The Article 50 Brexit bill is here - this is what is inside

The Prime Minister needs Parliament to give her the power to trigger Article 50. Fast. 

NS

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After fighting and losing all the way to the Supreme Court, the government has conceded that Parliament must have a say in triggering Article 50, which starts the process of Brexit.

For the government's parliamentary opponents, the next question is whether they can amend the bill substantially or even block it by voting against it.

Those MPs from adamantly pro-EU parties, like the Lib Dems and the SNP, have the easiest job. They have little to lose by opposing it.

But Labour has a harder choice. Its MPs can try and work constructively with the government - as the Labour leadership wants - or join the other opposition parties and vote against it. 

While some Labour frontbenchers, such as Clive Lewis, are already rumoured to be considering resigning to vote against the bill, other MPs say it depends whether they get to influence the bill's passage through Parliament through amendments. MPs from all parties are demanding a white paper "Brexit plan". 

So what's in it, and will there be much chance to influence what the government does next? Here is what you need to know:

1. It's short

Brexit minister David Davis said the bill would be simple, and indeed it only runs to 132 words. All the less to amend, as far as the government's concerned.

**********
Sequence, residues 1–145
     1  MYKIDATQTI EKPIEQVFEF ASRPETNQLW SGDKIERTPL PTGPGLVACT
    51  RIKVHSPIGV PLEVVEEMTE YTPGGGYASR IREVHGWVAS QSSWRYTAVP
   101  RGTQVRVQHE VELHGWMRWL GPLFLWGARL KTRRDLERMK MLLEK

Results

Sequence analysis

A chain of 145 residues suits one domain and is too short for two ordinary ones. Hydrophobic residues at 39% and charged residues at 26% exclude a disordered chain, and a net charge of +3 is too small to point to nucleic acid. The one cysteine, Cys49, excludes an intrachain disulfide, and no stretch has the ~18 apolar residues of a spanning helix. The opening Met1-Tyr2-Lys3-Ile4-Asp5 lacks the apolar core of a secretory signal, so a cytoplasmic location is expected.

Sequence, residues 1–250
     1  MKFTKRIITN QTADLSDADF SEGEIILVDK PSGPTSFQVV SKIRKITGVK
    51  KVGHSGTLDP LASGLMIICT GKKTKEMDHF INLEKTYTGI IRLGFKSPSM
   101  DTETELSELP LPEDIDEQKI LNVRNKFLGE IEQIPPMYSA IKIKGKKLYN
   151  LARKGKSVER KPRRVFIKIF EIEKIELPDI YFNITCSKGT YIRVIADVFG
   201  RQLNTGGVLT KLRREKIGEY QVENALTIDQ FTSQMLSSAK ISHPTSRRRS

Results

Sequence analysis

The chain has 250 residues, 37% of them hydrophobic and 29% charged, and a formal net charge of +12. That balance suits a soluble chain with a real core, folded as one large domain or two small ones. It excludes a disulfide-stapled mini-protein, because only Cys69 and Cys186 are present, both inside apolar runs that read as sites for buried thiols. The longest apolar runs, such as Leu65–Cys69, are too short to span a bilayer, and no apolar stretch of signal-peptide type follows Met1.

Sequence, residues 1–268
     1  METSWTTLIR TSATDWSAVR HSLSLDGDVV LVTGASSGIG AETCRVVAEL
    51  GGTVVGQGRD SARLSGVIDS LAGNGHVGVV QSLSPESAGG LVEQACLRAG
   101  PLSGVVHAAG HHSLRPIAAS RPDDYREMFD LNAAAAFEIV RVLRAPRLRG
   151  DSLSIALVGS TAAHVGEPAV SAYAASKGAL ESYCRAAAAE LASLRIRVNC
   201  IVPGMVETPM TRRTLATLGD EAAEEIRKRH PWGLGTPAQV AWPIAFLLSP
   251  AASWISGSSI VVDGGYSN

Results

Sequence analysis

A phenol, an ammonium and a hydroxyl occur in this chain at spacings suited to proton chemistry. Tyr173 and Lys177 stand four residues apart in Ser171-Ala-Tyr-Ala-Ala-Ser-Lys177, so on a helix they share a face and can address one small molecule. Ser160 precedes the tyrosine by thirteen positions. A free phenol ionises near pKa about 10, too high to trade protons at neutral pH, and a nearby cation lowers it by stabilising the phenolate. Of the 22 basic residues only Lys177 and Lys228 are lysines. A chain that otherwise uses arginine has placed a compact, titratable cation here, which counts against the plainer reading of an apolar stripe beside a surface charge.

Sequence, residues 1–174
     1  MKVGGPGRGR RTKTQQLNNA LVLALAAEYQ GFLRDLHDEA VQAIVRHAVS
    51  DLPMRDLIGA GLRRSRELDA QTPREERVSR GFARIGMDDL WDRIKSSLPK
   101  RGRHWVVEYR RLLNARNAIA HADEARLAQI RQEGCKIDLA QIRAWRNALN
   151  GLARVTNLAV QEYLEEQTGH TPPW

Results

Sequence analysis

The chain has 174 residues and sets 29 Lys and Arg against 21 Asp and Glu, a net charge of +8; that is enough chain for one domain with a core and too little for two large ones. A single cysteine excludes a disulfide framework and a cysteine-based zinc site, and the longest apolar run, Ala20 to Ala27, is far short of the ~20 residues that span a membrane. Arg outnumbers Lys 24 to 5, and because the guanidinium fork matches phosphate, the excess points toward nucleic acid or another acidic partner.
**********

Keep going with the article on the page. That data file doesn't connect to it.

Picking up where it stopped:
The bill effectively asks Parliament to give the Prime Minister power to let the EU know that Britain will be leaving under the rules of Article 50.

Then it says the power will overrule any obstacles created by previous UK-EU treaties. 

And finally, it says that if the bill is approved, it will be known as "the European Union (Notification of Withdrawal) Act 2017".

2. It can overrule Scotland

As well as ruling Parliament must have a say over Article 50, the Supreme Court ruled that the devolved administrations could not block the decision in Westminster. The accompanying notes to the bill repeats this:

The Bill does not contain any provision which gives rise to the need for a legislative consent motion in the Scottish Parliament, the National Assembly for Wales or the Northern Ireland Assembly.

This will particularly annoy SNP MPs, since Scotland voted Remain and they are the biggest Scottish party in the Commons.  

3. The government is trying to bypass MPs

The government is trying to fast-track this legislation. It argues that following a normal bill timetable "would cause considerable delay" and miss the deadline of March 2017. "This would further generate uncertainty as to the timetable for our exit from the European Union," it stated. MPs are expected to have five days to debate it.

The government is using reasons of speed to justify the fact it does not plan to formally share the legislation wtih the parliamentary committees. These are groups of MPs who scrutinise legislation. 

4. It's free *innocent face*

In the explanatory notes, the government says: "The Bill is not expected to have any financial implications." Technically true. Except of course, it will allow the PM to begin the process of leaving the EU single market. And the EU accounts for nearly 40 per cent of UK service exports...

Julia Rampen is the digital news editor of the New Statesman (previously editor of The Staggers, The New Statesman's online rolling politics blog). She has also been deputy editor at Mirror Money Online and has worked as a financial journalist for several trade magazines.